A new statue in Senegal has been causing a stir this week (read this CNN article for more). The 164-foot copper structure (which features a man, woman, and child with arms outstretched) has been criticized for everything from its expense to being the product of the Senegalese president’s self-indulgence.

Yet it is not the first statue to receive widespread attention for its dramatic back-story. A number of statues around the world have become tourist destinations because of their creator, height, or history. From the multitude of online lists ranking the most popular or tallest statues around the world, I picked out a few sculptures that I would like to see someday (along the lines of my post from a few weeks ago about quirky buildings worldwide).

The Little Mermaid in Copenhagen

Photo courtesy of http://www.VisitDenmark.com

1. The Little Mermaid. Inspired by the popular Hans Christian Andersen children’s story, the mermaid has sat curled in the harbor of Copenhagen, Denmark, since her creation by Danish sculptor Edvard Eriksen in 1913. But the lady has not led a peaceful life: she has been the victim of vandalism, three decapitations, and an attempted drowning in 2003. (Time your visit carefully: According to The Daily Mail, the mermaid will leave her home for the first time in 100 years to visit the World Expo in Shanghai from May to November this year).

2. David. Michelangelo’s contemplative interpretation of the Biblical figure took three years to complete and, according to ItalyGuides.it, the sculptor continued to work on the piece even after it was revealed to immediate acclaim in Florence’s Piazza della Signora in 1504. The statue was moved from its original location to the city’s Academy Gallery in 1872 to protect it from the elements (a copy was put in its place). The success of David is said to be what inspired the Pope to invite Michelangelo to paint the Sistine Chapel.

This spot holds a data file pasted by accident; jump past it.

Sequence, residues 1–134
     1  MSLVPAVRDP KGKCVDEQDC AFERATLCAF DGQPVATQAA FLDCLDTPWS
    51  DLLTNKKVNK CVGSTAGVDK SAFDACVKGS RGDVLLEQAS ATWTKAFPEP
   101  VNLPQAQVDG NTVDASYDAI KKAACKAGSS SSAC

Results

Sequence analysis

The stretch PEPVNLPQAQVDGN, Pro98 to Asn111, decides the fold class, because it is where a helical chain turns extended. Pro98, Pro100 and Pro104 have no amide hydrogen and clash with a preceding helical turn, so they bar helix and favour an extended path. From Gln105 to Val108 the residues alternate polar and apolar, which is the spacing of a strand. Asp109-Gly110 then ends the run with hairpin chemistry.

Photo courtesy of the China Culture Center

3. Great Buddha at Leshan. There are innumerable Buddha figures around Asia, but this 71-meter-high statue has a unique claim to fame as the largest carved stone Buddha in the world, according to Touropia.com. The serene figure occupies an entire hillside of the Sichuan Province in China, and its construction took nearly 100 years, beginning in 713 AD during the Tang Dynasty. The Buddha’s giant fingers are about 11 feet long, and its bare feet are each large enough for 100 people to sit on.

4. The Statue of Liberty. Although it is right here in the U.S., our 105-foot-tall statue, created by Frederic Auguste Bartholdi, represents an international friendship. A gift from France for America’s centennial celebration in 1876, this symbol of democracy and freedom raises a torch covered with 24k gold, holds a tablet inscribed with “July 4, 1776,” and stands upon the broken shackles of oppression, according to StatueofLiberty.org. Her iconic green color is actually the natural weathering effect of her copper covering, which is less than the thickness of two pennies.

Photo courtesy of http://www.RiodeJaneiro.com

5. Christ the Redeemer. Now, one of the New Seven Wonders of the World, and funded entirely by donations, this 120-foot-tall statue was designed by Brazilian Heitor de Silva Costa, and created by French sculptor Paul Landowski in 1931. A symbol of Catholic devotion and Brazilian hospitality, the figure stands with his arms outstretched 2,300 feet above Rio de Janeiro on Corcovado Mountain. According to FamousWonders.com, the statue was struck by lightning in 2008, but emerged unscathed because its top layer is soapstone, which is a good insulator.

6. Great Sphinx of Giza. Named by the Greeks after their own mythical character, this half-lion, half-human statue is thought to be about 4,600 years old and was probably commissioned by Pharaoh Khafre, according to PBS Nova Online. Carved from a single block of limestone left over from the construction of the pyramids, this sculpture is the largest monolith in the world and was somehow made without modern machinery. As for the Sphinx’s missing nose? According to Ancient Egypt Online, one pervading myth claims that it was destroyed when Napoleon’s men used it for target practice.

See more awe-inspiring art around the world during one of the Learning Abroad Center’s Global Seminars. Experience the creative arts of Ghana or learn how art and culture in Florence, Italy, gave rise to the Renaissance!

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